Chloroquine is a preventative malaria medication. A version of Chloroquine, known as Hydroxychloroquine, has shown promise as a COVID-19 treatment type.
Most of the studies that look into Chloroquine and COVID-19 were done on a small scale. One recent study of a French hospital examined 42 patients with COVID-19, 26 patients received Hydroxychloroquine treatment and 16 received standard care. Of the 26 patients who took Hydroxychloroquine, only 20 completed the study. Six of these patients took the antimalarial alongside an antibiotic called Azithromycin. By the fifth day of treatment, all six of these patients were cured of coronavirus (SARS-CoV-2). 50% of patients who took the Hydroxychloroquine alone, were also no longer infected after the fifth day of treatment. In the control group of individuals only receiving standard care, only two of of the patients were cured of coronavirus. Hydroxychloroquine has shown encouraging results, but a larger-scale study of approximately 1,500 people is needed.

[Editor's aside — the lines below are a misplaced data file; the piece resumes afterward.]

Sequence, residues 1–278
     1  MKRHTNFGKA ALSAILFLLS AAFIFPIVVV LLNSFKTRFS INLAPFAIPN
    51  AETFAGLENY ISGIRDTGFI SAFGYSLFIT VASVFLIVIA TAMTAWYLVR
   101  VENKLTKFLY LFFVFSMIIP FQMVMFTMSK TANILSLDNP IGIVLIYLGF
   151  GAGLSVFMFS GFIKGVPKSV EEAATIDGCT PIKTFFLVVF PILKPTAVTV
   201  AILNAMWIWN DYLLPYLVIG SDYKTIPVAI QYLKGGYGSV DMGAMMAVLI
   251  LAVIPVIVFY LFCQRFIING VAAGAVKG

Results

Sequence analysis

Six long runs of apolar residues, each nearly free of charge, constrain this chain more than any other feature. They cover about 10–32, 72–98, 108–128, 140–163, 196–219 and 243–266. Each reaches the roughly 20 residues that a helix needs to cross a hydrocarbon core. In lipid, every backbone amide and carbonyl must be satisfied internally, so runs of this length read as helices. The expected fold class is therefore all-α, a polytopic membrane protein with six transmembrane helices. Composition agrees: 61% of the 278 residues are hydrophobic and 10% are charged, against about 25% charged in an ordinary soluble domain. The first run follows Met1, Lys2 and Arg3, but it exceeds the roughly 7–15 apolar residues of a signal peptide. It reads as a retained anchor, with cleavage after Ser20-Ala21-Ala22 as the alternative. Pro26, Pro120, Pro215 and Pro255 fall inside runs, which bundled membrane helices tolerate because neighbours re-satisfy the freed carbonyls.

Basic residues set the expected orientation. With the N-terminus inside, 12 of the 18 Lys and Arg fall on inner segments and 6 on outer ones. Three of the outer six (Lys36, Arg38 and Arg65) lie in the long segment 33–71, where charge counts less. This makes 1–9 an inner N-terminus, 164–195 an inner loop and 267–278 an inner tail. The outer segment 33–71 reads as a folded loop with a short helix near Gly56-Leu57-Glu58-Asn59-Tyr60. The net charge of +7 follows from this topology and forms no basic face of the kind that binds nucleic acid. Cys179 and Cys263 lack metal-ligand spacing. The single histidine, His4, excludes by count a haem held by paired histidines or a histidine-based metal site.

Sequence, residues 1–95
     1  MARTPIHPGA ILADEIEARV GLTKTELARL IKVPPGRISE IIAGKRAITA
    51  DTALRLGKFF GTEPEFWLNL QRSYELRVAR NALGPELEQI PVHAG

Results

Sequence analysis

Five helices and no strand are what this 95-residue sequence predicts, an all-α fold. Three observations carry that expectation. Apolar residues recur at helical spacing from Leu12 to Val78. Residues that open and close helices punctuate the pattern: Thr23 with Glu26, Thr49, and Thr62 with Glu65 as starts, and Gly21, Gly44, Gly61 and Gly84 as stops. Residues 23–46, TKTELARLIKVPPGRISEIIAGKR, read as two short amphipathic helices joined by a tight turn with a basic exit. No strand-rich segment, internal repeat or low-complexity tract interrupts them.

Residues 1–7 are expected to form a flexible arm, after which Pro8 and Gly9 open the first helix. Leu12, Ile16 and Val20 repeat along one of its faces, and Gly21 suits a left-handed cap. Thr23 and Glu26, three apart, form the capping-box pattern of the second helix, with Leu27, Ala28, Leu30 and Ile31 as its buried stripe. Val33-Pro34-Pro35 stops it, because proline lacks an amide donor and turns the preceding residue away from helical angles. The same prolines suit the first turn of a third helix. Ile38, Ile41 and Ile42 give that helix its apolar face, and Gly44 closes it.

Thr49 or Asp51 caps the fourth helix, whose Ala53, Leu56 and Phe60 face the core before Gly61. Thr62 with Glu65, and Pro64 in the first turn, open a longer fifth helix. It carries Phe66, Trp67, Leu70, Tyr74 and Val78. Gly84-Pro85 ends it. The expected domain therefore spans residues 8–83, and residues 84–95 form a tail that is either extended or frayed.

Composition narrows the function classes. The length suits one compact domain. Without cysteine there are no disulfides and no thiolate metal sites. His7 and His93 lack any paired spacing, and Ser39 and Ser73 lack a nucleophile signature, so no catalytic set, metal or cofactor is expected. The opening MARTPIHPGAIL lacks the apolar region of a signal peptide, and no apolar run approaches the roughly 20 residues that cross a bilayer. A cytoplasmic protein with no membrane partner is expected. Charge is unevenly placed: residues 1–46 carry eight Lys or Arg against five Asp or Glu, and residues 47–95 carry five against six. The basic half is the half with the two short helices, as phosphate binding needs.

Since this small scale study has shown promise, further research has been conducted into the preventative qualities of Chloroquine. Researchers in Oxford are currently testing the efficacy of Chloroquine in preventing COVID-19 in health workers with a high risk of infection.
Chloroquine is not without its risks. Every drug could be poisonous if taken in the incorrect amount, so it is important to be careful when prescribing it. Chloroquine can pose serious side effects, including dangerous changes to heart rhythm. Furthermore, Chloroquine has some dangerous drug interactions. As the actual benefits of taking Chloroquine for COVID-19 have not yet been established, doctors are reluctant to subject their patients to the associated risks.
Besides, Chloroquine is an essential drug for people who have rheumatoid arthritis, lupus erythematosus and inflammatory diseases. There are concerns that if Chloroquine is used widely as a prophylactic (preventative) treatment for COVID-19, these other patients might struggle to access the medication they need.
For these reasons, doctors are hesitant to prescribe Chloroquine for COVID-19 treatment. Having more substantial evidence to prove the efficacy of this drug would allow doctors better to evaluate the benefits and risks of the treatment so that they provide the best care for their placements.